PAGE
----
I looked around the room, the pale white walls of our rented home reflecting the sunset. The curious face of the wall outlet looked at me, its wide eyes begging to see the cascading mountains in my hands. The key’s copper hills shone, meant to fill those empty eyes. Leaning forward I shared the view with my friend on the wall, followed by an avalanche of energy blasting from my hands to my feet. CONT…
YOU MUST USE SOME OF THE CHILDHOOD MEMORIES BELOW IN YOUR STORY:
Writing Prompts That Jog Childhood Memories:
- Describe one of your earliest childhood memories. How old were you? What bits and pieces can you recall?
- Who was your best childhood friend? Write about some of the fun things you used to do together.
- Can you remember your mom’s or grandmother’s kitchen? Use sight and smell words to describe it.
- Describe the most unusual or memorable place you have lived.
- Did you have your own bedroom growing up, or did you share with a sibling? Describe your room.
- Were you shy as a child? Bossy? Obnoxious? Describe several of your childhood character traits. How did those qualities show themselves? Are you still that way today?
- What childhood memories of your mother and father do you have? Describe a couple of snapshot moments.
- Write about a holiday memory. Where did you go? What did you do? What foods do you remember?
- Describe your favorite hideaway.
- Did you attend a traditional school, or were you educated at home? Describe a school-related memory.
- Think of a time when you did something you shouldn’t have done. Describe both the incident and the feelings they created.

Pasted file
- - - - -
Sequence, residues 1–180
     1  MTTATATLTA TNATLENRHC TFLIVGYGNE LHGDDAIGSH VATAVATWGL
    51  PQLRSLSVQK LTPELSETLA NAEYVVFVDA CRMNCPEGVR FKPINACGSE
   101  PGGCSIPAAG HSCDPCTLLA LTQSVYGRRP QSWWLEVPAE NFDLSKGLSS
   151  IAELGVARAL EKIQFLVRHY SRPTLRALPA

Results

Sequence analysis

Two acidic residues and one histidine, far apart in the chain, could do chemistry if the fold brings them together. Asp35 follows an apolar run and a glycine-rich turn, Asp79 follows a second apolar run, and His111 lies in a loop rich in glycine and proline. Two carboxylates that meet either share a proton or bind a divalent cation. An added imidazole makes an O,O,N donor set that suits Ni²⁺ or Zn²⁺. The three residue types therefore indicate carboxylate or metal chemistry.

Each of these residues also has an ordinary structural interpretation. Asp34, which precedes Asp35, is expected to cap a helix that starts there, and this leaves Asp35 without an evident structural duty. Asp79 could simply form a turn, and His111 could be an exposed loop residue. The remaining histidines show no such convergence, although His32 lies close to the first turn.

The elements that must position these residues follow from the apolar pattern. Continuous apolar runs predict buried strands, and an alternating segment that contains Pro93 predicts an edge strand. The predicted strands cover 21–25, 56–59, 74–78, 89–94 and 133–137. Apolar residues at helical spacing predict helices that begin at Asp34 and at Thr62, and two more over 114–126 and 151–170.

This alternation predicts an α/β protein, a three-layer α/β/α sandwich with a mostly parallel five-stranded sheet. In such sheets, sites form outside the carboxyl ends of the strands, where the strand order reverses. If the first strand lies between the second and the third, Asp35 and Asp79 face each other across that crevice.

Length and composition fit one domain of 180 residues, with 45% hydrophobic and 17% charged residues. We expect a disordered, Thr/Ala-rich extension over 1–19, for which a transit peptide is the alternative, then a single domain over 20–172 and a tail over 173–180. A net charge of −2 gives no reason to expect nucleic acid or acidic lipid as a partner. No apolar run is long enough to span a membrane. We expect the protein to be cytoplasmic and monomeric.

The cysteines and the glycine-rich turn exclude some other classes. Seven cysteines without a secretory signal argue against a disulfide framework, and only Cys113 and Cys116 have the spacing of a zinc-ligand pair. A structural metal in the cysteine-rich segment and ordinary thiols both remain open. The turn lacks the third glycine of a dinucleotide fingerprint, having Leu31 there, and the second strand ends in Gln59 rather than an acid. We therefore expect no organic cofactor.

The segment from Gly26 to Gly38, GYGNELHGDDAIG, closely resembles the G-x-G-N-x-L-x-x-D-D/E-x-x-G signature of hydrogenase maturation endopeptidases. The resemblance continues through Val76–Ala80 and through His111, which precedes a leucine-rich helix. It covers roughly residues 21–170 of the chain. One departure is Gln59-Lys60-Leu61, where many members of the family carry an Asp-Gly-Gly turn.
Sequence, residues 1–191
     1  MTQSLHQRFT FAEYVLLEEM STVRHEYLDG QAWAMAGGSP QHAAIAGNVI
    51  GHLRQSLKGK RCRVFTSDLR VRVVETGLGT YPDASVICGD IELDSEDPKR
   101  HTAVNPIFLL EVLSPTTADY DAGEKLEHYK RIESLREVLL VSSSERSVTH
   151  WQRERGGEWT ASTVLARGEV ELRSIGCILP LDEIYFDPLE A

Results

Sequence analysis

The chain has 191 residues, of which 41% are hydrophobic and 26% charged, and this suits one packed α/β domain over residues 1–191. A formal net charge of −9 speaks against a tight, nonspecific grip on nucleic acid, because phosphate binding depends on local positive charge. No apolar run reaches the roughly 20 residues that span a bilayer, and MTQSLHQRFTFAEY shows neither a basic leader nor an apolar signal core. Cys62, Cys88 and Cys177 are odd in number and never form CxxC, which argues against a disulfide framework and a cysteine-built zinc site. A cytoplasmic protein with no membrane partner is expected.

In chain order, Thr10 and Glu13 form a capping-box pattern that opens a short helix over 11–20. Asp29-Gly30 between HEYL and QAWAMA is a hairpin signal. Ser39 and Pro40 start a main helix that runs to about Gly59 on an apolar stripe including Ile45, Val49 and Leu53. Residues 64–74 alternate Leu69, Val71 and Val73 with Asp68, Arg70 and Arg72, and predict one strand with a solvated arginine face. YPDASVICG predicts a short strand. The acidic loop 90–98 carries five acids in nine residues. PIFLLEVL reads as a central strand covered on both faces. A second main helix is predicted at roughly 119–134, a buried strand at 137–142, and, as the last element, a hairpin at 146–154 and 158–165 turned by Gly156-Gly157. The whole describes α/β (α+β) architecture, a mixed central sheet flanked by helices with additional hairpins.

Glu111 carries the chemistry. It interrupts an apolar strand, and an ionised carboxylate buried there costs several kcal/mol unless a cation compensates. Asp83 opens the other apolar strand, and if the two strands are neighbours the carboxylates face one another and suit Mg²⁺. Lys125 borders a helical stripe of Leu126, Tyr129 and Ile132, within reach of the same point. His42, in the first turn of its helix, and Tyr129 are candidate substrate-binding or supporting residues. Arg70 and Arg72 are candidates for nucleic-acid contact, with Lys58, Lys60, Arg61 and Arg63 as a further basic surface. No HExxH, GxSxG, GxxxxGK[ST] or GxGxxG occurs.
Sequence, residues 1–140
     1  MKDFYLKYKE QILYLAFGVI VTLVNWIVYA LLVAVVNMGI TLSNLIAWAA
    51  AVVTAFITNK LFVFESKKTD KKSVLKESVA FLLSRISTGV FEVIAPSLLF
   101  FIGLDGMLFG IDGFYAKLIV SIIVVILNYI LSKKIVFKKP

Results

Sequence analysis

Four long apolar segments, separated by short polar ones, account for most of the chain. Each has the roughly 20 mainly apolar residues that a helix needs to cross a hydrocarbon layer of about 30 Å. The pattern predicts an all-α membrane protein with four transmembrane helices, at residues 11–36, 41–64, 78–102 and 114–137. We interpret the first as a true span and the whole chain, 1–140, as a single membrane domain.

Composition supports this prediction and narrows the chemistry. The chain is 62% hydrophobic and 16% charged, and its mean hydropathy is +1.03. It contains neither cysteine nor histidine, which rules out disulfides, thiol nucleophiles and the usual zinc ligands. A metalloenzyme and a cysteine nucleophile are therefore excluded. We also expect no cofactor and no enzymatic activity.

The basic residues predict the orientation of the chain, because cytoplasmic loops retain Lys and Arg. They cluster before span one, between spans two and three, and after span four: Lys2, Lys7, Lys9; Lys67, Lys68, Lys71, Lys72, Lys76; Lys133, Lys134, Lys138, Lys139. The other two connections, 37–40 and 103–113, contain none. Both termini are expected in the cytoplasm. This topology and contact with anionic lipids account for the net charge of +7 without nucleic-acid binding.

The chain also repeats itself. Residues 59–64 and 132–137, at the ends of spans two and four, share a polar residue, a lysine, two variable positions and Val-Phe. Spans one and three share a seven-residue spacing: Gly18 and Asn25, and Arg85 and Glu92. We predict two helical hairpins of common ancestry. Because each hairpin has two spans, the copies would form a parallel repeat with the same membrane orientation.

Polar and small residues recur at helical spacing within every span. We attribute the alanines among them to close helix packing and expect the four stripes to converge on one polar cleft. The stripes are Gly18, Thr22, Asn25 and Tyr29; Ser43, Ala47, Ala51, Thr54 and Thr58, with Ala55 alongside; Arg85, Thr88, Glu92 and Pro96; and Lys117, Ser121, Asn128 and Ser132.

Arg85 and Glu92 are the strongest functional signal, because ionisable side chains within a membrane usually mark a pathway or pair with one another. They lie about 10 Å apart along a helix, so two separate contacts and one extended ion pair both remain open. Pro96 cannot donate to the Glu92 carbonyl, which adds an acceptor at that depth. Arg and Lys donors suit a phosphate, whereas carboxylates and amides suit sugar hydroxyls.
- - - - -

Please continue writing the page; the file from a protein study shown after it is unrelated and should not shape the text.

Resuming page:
- Have you ever needed stitches, broken a bone, or been hospitalized? Describe a childhood injury or illness.
- Do you have quirky or interesting relatives on your family tree? Describe one or two of them.
- Describe your most memorable family vacation. Where did you go? Did something exciting or unusual happen? Did you eat new or unique foods?
- Did you grow up with family traditions? Describe one.
- Books can be childhood friends. What were some of your favorites? Why were they special?
- Describe a game or activity you used to play with a sibling.
- What were some of your favorite television shows as a child?
- What was your most beloved toy? Describe its shape, appearance, and texture. What feelings come to mind when you think of that toy?
- Think of a childhood event that made you feel anxious or scared. Describe both the event itself and the feelings it stirred up.
- Write about some sayings, expressions, or advice you heard at home when you were growing up. Who said them? What did they mean? Do you use any of those expressions today?
- What are your happiest childhood memories? Describe one event and the feelings associated with it.
4. Reading Log on story: “Cowan” by Kris Bertan: https://thewalrus.ca/cowan/ MUST BE 100-150 WORDS